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A north facing home can put a damper on your dreams of fresh, garden grown vegetables, but it doesn’t have to. If you are limited to a northern growing site you can still start a vegetable garden by selecting vegetables that thrive in the lower light conditions. Containers also allow you to take advantage of the space available, even if it isn’t an optimum location.
Sunlight and Temperature The minimal sunlight in protected north facing locations often results in a cooler microclimate, since temperatures won’t warm up to the same levels as in a south facing location. The amount of sunlight varies between north locations depending on nearby buildings and shade structures. Study the area over several days or weeks to determine the average amount of light received. Most vegetables require at least some direct sunlight, even if only two or three hours. Bright light, although indirect, all day long may also suffice for non fruiting vegetable varieties.
Vegetable Varieties Cool season vegetables can typically thrive in low sunlight north facing containers. Leafy greens, including spinach and lettuce, can produce in areas that receive indirect light all day, although they won’t produce as abundantly as those grown in sun. Cabbage and its relatives, such as broccoli, produce best when they receive at least two hours direct light. Some root vegetables can also grow in a partially shaded north facing location, such as potatoes, radishes and carrots. Few plants will produce at their optimum in a north facing location, so you may need to plant more to reap the same size harvest as your would from a sunnier location.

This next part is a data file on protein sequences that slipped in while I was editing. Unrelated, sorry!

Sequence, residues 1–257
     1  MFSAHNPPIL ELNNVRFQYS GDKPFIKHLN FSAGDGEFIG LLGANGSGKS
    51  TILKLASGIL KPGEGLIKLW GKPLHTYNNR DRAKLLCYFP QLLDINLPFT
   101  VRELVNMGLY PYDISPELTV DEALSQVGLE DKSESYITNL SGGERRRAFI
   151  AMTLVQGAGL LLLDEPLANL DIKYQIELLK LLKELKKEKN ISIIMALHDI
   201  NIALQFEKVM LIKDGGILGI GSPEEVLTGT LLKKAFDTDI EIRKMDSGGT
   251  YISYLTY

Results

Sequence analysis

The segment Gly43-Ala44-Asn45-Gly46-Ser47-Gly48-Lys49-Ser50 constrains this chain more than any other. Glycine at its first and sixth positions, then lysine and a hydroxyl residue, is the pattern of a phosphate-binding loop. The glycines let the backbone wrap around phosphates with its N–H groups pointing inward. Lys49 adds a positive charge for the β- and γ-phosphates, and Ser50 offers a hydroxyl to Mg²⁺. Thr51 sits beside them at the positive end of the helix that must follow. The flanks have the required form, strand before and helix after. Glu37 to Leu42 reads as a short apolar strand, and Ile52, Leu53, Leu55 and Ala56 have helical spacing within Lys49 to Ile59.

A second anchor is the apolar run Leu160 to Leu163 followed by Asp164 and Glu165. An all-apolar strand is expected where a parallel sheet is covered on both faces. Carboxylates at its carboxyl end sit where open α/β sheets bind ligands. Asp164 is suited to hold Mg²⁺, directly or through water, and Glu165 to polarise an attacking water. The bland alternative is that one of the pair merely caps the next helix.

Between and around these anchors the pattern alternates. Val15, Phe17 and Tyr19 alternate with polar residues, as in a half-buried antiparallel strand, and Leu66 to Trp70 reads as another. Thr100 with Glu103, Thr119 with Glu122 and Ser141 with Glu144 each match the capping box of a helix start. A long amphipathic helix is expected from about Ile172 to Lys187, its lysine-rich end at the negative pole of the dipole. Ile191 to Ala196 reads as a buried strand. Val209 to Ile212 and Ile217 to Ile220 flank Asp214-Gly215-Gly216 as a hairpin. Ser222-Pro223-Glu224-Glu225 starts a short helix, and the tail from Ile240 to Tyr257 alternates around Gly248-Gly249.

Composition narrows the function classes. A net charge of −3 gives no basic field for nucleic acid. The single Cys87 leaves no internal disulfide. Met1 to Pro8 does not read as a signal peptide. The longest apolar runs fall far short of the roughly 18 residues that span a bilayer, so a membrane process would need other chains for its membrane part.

Container Considerations The size of the container depends on the type of vegetable. Selecting dwarf and small growing varieties allows you to use 2 gallon pots. Hanging planters may allow you to elevate the plants above shade elements so they receive more sunlight. Use planters that have bottom drainage holes, otherwise soggy soil in the root zone can kill the vegetables. A well drained potting mixture, such as one containing peat moss and vermiculite, further aids drainage. Soil may also remain cool for longer in shady north growing sites. A darker colored container absorbs and retains heat better, and many vegetables require warm soil for healthy growth.
Basic Care Caring for north facing vegetables is similar to caring for plants in sunnier sites. Since the soil dries more slowly, the plants may only require watering two or three times a week instead of daily; the size and material of the container will also play a part in how often watering is needed. Leggy growth may also occur as the plants stretch toward the nearest bright light. Rotate the containers every two or three days to prevent stretching and encourage full, straight growth. More fertilizer will not encourage fuller growth. Use a soluble fertilizer formulated for the type of vegetables you are growing. Apply it at the label recommended rate once monthly. Since the containers are usually watered less in north facing areas, the nutrients don’t leech out of the soil as rapidly so more frequent feeding isn’t necessary.
References (2) Colorado State University: Vegetables for the Shady GardenUniversity of California: Container Gardening
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